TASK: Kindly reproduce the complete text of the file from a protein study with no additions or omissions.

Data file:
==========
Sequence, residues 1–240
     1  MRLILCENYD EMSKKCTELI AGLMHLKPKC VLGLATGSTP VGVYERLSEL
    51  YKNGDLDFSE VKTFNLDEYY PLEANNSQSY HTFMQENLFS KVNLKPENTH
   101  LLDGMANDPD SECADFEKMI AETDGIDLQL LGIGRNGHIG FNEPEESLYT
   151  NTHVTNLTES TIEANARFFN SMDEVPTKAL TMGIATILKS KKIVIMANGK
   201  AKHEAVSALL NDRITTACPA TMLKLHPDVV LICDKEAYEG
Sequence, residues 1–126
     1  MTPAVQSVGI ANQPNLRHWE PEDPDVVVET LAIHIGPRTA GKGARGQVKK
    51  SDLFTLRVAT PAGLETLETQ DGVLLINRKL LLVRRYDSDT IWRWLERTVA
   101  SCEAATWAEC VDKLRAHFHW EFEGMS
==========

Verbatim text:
Sequence, residues 1–240
     1  MRLILCENYD EMSKKCTELI AGLMHLKPKC VLGLATGSTP VGVYERLSEL
    51  YKNGDLDFSE VKTFNLDEYY PLEANNSQSY HTFMQENLFS KVNLKPENTH
   101  LLDGMANDPD SECADFEKMI AETDGIDLQL LGIGRNGHIG FNEPEESLYT
   151  NTHVTNLTES TIEANARFFN SMDEVPTKAL TMGIATILKS KKIVIMANGK
   201  AKHEAVSALL NDRITTACPA TMLKLHPDVV LICDKEAYEG
Sequence, residues 1–126
     1  MTPAVQSVGI ANQPNLRHWE PEDPDVVVET LAIHIGPRTA GKGARGQVKK
    51  SDLFTLRVAT PAGLETLETQ DGVLLINRKL LLVRRYDSDT IWRWLERTVA
   101  SCEAATWAEC VDKLRAHFHW EFEGMS